Since this is a game in which Mi­crosoft has in­vested sub­stan­tially – with an am­bi­tious five- to ten-year plan in place, its pub­lisher hopes this is a fairy­tale that can de­lay its hap­pily ever af­ter for a while – there are plenty of ex­trin­sic hooks in place. Vil­lains will be able to re­cruit new crea­tures to their cause, ex­pand­ing their reper­toire. Hero play­ers will be able to level up their char­ac­ter and un­lock new gear, such as out­fits and weapons, up­grad­ing their equip­ment at Bright­lodge’s black­smith. There will be minigames in the hub, too: could Leg­ends re­ally be a

Fa­ble game with­out the chance to kick some chick­ens? “But at its heart, it’s got to be fun,” Whyte says. “We talked about Left 4 Dead ear­lier; what keeps those play­ers com­ing back? It’s just a great game. So longer term for us, it’s go­ing to be the va­ri­ety that comes out of the weaponry and the cus­tomi­sa­tion and the hero types, but also the range of the crea­tures and traps that the vil­lain can have.”

Yet as a story-driven se­ries, the struc­ture is nec­es­sar­ily un­con­ven­tional. The pitch, then, is to in­tro­duce new sto­ries in the form of TV-style sea­sons, each con­tain­ing quest arcs, op­tional side mis­sions, new he­roes, crea­tures and gear. Eck­el­berry won’t be drawn on de­tails of the main story, al­lud­ing only to “a cer­tain an­tag­o­nist that the vil­lagers are scared of and the he­roes have to con­front”, but we know that it will be ac­com­pa­nied by light-hearted sid­e­quests. “They’re more just romp­ing, rol­lick­ing fun, and wack­i­ness-driven, like you’d ex­pect from Fa­ble sid­e­quests.”

Leg­ends has been in ges­ta­tion for more than two years at this stage, and Eck­el­berry ad­mits it’s been a steep learn­ing curve for ev­ery­one at Lion­head, but with the first sea­son al­most fin­ished, fu­ture con­tent should fol­low fairly reg­u­larly. If the finer de­tails need thrash­ing out, the out­line is firmly in place. “An ex­act time pe­riod isn’t pos­si­ble for me to judge, and we’ve talked about hav­ing sea­sons of dif­fer­ent lengths – like how a Bri­tish sea­son of a TV show is some­times shorter than an Amer­i­can one. We’d like sea­sons to have some­where be­tween six to ten hours of con­tent, at least, and that I imag­ine takes six to nine months to build. That’s kind of ball­park-y, but that’s our best guess in terms of con­tin­u­ing to re­lease new sea­sons of con­tent.”

It’s worth point­ing out that the fig­ure only takes a sin­gle playthrough into ac­count, and the direc­tor is con­fi­dent that play­ers will have plenty of rea­sons to re­turn. Then again, he’s un­der no il­lu­sions that Leg­ends is a risk, and he’s acutely aware that find­ing the bal­ance be­tween the im­me­di­acy that will al­low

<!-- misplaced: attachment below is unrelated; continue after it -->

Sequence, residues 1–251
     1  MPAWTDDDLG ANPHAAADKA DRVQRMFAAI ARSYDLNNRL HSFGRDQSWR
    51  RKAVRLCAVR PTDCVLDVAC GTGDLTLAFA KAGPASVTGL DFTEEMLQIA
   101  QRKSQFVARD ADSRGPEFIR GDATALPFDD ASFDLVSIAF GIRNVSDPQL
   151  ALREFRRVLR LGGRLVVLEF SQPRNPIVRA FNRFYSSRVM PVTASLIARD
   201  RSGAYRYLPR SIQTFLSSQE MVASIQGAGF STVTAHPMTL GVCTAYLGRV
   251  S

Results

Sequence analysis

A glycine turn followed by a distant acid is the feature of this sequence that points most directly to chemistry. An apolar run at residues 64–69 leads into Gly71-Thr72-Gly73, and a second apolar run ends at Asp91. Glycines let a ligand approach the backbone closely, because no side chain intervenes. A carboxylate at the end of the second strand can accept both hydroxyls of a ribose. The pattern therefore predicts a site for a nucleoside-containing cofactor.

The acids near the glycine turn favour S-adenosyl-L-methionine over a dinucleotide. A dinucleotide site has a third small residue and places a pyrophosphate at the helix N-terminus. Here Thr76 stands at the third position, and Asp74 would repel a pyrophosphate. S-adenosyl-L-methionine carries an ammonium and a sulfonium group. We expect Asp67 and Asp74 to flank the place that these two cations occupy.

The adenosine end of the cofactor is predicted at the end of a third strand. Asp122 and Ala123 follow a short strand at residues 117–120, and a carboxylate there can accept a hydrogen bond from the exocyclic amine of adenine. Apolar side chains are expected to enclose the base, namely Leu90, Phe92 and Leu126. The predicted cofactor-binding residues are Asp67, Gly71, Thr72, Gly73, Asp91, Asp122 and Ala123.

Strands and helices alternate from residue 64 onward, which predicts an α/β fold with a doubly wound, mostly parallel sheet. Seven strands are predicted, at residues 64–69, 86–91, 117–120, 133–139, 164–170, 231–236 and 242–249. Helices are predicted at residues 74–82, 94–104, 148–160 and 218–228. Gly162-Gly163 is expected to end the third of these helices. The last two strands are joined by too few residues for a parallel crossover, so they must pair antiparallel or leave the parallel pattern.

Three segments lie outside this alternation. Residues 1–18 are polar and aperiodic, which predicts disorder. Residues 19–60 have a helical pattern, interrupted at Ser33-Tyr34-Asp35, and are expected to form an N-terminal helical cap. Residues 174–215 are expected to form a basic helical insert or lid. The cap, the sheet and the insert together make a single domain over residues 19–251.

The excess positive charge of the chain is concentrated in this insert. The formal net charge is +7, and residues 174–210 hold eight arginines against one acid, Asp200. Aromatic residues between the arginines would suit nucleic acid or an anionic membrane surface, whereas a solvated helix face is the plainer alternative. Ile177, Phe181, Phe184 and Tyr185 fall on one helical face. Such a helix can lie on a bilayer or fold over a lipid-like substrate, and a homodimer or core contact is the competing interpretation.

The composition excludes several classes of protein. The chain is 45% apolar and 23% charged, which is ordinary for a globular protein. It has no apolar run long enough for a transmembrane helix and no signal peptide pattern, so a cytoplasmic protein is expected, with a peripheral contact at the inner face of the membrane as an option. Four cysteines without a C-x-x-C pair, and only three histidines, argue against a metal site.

Fa­ble play­ers to feel at home and the longterm depth and nu­ance of its mul­ti­player peers will be a chal­lenge that per­sists as long as the game does. In­deed, even dur­ing devel­op­ment it’s al­ready thrown up un­ex­pected hur­dles.

“One of the chal­lenges with mul­ti­player,” he ex­plains, “is that the game moves only as slowly as its fastest player. So when [one player] runs ahead, [the oth­ers] have to run and catch up. Who­ever moves first will pull the whole team ahead – the Leeroy Jenk­ins syn­drome, if you will. But it does mean that the pace of the mul­ti­player game will al­ways be a lit­tle bit faster than you ex­pect, and it’s some­times sur­prised us, even in the beta en­vi­ron­ments. But there’s enough elas­tic­ity in the de­sign to sup­port a few screw-ups.”

It’s a game that’s aim­ing to of­fer some­thing for ev­ery­one – and that in­volves al­low­ing play­ers to play with who­ever they choose. So while he­roes’ stats and weapons will im­prove, the lev­el­ling curve will never es­ca­late to a point where it pre­vents a group of friends from play­ing to­gether. “It’s not meant to be an MMOG,” Eck­el­berry says. “If I want to play with you in World Of War­craft but I’ve just signed up to [it] ten years in and you’re a level-100 char­ac­ter, I can’t play with you. Not mean­ing­fully. So it’s all done via match­mak­ing. Even af­ter that, if I’m play­ing, say, Inga for the first time, I’m still a bet­ter tank than you play­ing Leech or Ster­ling, even if you have the best gear ever. That’s not true in MMOGs, but it’s true of Fa­ble Leg­ends.”

Lion­head re­mains coy about a re­lease date, but the game is un­der testing as you read this, with a limited closed beta help­ing the stu­dio to tweak its bal­anc­ing. As Eck­el­berry con­cedes, while there are smart peo­ple within Lion­head who can solve prob­lems in­ter­nally, it’s un­doubt­edly handy to have sev­eral ex­tra pairs of eyes and hands to as­sist with the fine tun­ing. But if bal­ance is vi­tal in a game of this na­ture, the ul­ti­mate aim is a very sim­ple one. “We want to make a fair and fun game for ev­ery­one,” Eck­el­berry tells us. “I can’t prom­ise that ev­ery hero will be per­fectly bal­anced, but mak­ing ev­ery hero fun to play as is ab­so­lutely mission goal one.”

In some ways that’s no less am­bi­tious an aim than the out­landish prom­ises made about pre­vi­ous Fa­bles, though it’s a much more grounded ob­jec­tive. And per­haps this post-Molyneux Lion­head at­ti­tude is summed up by the fi­nal mission we play. “This quest is called Moon On A Stick,” says Brooks with a wry smile. It’s typ­i­cal of the self-ef­fac­ing hu­mour for which the se­ries is cher­ished. Leg­ends might well be a de­par­ture from es­tab­lished for­mula, but it’s un­mis­tak­ably Fa­ble.

“One of the chal­lenges is that the game moves only as slowly as its fastest player”

LEFT There’s a sat­is­fy­ing metal­lic snap when­ever Rook fires a cross­bow bolt.

RIGHT Pucks are elu­sive foes, able to cloak them­selves from he­roes’ sight

Fa­ble Leg­ends’ direc­tor David Eck­el­berry has a back­ground in Dun­geons & Dragons

Vil­lains can trig­ger a Blood­lust spe­cial for Red­cap melee units, in which they attack faster and their blows deal more dam­age